#1
Hello,
This is my first post. I searched other posts and could not find what I was looking for. My very first electric guitar was in 1987 in a pawn shop for $90. It was a 1970s Crestwood Les Paul copy. It did not play well. It got stolen and the guy who bought it from the thief set it up and it played killer after that. Later I used it as trade towards another guitar. Lately I have been keeping my eye open for one because I would like to have one again just for the sake of having it.
I found one but the guy wants like $350. It has like six holes drilled in it where there were different strap button placements and the neck strap button is in the wrong place. I wouldn't so much mind except that each hole has caused damage to the finish and paint down to the wood. The button on the back has been cranked in so hard that there is some real damage to the finish and paint. Near that is two acceptable dings but in the photo you can see five or six very visible cracks in the finish. Lastly, the screws on the neck plate have signs of damage as you can see where the neck has been removed again leaving damage to the finish and paint.
I know it sounds like a hunk of crap and I refuse to pay $350. I am not sure if I am allowed to post some pictures or not. I was wondering if anyone else here would throw out a $100 offer? That or keep looking?

Also, I'm looking for an Ibanez MC500 or MC300. I see them on ebay and Reverb but I find them over priced at $1500 or more.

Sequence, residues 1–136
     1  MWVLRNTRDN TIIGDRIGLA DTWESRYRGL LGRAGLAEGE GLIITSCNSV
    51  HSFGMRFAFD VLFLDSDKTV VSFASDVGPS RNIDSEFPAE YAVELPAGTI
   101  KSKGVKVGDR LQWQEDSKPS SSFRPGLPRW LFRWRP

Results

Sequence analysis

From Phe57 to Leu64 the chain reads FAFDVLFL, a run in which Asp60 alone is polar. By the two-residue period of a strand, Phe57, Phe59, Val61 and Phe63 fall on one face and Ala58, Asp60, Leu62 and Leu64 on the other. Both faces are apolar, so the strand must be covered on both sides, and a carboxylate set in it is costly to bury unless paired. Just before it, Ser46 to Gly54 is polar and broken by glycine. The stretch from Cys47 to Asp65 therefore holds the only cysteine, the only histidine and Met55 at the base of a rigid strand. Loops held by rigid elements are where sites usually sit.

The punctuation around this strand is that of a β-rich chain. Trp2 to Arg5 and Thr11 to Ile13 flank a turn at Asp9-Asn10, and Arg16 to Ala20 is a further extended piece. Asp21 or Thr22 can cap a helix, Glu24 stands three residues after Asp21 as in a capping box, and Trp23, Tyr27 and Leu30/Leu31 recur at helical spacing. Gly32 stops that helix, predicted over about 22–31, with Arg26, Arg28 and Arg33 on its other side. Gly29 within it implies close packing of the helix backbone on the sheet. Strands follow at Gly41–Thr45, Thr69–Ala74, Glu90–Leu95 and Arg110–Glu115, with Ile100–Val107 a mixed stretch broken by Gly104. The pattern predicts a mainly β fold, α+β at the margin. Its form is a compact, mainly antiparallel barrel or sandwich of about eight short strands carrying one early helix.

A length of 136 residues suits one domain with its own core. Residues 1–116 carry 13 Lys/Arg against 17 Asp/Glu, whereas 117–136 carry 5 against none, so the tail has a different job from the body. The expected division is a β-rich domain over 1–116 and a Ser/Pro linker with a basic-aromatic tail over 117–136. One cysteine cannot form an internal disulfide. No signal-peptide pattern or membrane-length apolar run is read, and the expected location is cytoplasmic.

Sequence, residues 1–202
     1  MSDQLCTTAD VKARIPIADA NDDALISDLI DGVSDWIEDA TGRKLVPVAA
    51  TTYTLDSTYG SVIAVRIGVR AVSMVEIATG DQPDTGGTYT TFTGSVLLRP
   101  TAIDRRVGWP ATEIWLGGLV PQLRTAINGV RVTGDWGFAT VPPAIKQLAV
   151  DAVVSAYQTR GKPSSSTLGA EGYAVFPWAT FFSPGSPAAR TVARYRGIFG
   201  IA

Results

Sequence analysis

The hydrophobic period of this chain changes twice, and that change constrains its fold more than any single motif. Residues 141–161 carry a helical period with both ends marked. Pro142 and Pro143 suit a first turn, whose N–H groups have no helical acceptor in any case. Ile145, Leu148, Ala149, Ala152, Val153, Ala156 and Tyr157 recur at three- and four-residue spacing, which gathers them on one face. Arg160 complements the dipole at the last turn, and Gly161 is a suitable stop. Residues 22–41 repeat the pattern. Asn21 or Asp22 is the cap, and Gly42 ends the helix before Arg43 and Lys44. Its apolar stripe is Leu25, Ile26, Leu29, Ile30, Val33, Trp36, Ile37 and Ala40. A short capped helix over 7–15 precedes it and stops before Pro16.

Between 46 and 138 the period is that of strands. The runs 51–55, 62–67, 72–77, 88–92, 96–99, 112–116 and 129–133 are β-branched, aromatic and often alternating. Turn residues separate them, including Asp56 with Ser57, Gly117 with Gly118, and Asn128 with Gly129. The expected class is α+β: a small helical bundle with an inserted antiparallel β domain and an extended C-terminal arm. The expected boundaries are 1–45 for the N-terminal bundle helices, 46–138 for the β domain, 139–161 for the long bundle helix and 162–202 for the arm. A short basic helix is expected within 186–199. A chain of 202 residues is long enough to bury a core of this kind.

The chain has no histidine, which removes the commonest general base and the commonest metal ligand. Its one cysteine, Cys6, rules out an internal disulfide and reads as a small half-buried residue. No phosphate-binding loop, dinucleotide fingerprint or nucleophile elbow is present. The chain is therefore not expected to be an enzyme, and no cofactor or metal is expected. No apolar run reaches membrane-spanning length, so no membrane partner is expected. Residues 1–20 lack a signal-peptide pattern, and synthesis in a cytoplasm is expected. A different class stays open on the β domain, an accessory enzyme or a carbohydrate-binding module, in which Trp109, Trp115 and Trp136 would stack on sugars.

#2
I can't help as I have never heard of Crestwood guitar but I'm sure $350.00 is a laughable price since you can buy a mint used Epiphone Les Paul for that price and they are really nice guitars. To even ask someone to pay $350.00 for a guitar that sounds like it was really abused is crazy. Just because it's old doesn't make it valuable. I have a 1976 Ibanez Les Paul copy that I have abused (accidentaly) since I bought it new in early 1977 and although it plays incredibaly well it can't be worth more than $500-600.00 and it's in fairly decent shape for a 38 year old road dog guitar. Maybe $100.00 for the nostalgia value to you personally but I wouldn't do it. Just my useless two cents worth.
Last edited by Rickholly74 at Nov 25, 2014,
#3
100 bucks for Nostalgia, sure. I wouldn't spend a dime more though.


You might find the rose tinted glasses tend to fade pretty quickly too so you may find you're disappointed with it in the end. So I guess keep all of that in mind before you decide.
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#4
Wait for a cleaner one. They made a bunch and it's a decent knockoff LP.
"Your sound is in your hands as much as anything. It's the way you pick, and the way you hold the guitar, more than it is the amp or the guitar you use." -- Stevie Ray Vaughan

"Anybody can play. The note is only 20 percent. The attitude of the motherfucker who plays it is 80 percent." -- Miles Davis

Guthrie on tone: https://www.youtube.com/watch?v=zmohdG9lLqY
#5
first off not a lawsuit guitar. totally overused phrase to up the price on any 70s copy guitar. I'd be surprised if it is worth anything even close to $350. wishful thinking. pass
#6
Quote by monwobobbo